On Saturday afternoon, American Pharoah made horse racing history by winning the Belmont Stakes and becoming the first horse since 1978 to complete the sport's illustrious Triple Crown, having previously won both the Kentucky Derby and Preakness earlier this year.
During the sunny afternoon, American Pharoah took an early lead and didn't look back. Jockey Victor Espinoza said in a post-race interview he could tell it was American Pharoah's race to lose after just the first of four turns.
"The way he hit the ground, you couldn't even feel how fast he was moving," Espinoza told NBC, according to the New York Times.
"I'm very emotional," the Times reports trainer Bob Baffert said in the moments after the victory. "I'm thinking about my parents. I wish they were alive to see this."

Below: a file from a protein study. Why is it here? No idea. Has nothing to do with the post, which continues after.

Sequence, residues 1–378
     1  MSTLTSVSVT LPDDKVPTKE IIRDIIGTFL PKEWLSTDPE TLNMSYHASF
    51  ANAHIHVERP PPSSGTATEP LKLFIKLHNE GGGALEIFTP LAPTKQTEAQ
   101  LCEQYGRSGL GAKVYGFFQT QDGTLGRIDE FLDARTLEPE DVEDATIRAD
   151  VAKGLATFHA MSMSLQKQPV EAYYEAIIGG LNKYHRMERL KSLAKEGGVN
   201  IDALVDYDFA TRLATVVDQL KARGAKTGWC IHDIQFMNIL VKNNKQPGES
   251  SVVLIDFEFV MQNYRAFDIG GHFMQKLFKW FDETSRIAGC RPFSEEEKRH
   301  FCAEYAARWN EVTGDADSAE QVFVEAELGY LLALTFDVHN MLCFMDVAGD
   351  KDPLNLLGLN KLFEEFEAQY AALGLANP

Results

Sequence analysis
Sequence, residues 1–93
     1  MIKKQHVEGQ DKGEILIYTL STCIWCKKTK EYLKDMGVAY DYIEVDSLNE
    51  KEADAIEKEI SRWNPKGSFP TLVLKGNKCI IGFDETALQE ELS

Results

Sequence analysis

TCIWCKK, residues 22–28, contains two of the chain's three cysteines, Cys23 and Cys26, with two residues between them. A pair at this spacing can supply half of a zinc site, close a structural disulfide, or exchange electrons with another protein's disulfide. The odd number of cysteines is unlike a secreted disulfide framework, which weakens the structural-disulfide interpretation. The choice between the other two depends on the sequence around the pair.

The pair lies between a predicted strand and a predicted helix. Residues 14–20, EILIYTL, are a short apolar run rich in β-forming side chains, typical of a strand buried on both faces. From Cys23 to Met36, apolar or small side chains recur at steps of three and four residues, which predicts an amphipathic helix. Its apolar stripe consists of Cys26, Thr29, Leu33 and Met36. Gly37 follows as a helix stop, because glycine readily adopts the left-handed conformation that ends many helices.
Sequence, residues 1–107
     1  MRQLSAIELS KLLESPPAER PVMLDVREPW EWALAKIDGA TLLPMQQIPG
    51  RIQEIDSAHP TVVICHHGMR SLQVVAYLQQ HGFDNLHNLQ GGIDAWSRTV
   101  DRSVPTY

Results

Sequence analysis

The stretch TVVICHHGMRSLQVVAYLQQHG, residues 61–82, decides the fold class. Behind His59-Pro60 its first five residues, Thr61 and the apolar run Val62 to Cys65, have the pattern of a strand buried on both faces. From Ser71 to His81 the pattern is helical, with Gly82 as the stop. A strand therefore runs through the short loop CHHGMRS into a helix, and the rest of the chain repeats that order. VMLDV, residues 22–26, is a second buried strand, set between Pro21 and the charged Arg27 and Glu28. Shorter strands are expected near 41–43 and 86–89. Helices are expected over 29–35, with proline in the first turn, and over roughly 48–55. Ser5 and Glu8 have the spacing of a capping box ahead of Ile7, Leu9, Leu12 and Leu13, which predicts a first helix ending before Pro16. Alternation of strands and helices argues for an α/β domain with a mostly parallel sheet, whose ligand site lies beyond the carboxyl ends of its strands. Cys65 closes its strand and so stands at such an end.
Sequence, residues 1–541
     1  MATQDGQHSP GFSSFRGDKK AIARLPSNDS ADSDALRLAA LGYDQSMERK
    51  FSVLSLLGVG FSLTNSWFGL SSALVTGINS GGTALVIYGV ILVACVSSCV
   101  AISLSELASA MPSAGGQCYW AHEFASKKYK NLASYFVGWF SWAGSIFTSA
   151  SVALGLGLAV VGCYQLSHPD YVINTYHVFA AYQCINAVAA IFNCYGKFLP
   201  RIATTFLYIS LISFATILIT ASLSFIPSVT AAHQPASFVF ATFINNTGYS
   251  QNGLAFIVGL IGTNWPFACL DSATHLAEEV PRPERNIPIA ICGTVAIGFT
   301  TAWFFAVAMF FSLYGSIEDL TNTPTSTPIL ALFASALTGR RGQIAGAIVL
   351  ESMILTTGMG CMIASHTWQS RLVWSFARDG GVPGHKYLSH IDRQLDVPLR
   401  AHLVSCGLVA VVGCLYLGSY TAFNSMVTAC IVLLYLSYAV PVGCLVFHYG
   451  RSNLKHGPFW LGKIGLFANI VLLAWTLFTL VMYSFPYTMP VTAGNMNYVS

American Pharoah won by five-and-a-half length and completed the one-and-a-half mile race in 2:26.65, which is roughly two seconds behind the track's all-time fastest record of 2:24 set by Secretariat in 1973, the same year that horse also captured the Triple Crown.
American Pharoah's win breaks the 37 year drought of a Triple Crown winner. Since Affirmed captured the Triple Crown in 1978, the Times notes 13 horses had won both the Kentucky Derby and Preakness, but none had managed to complete the triplet.
Along with the victory and going into history books as one of just 12 horses to have won the Triple Crown, American Pharoah also takes home the $800,000 first prize. Additionally, ESPN notes the horses value will also skyrocket for breeding purposes, meaning the colt is now worth more than $20 million.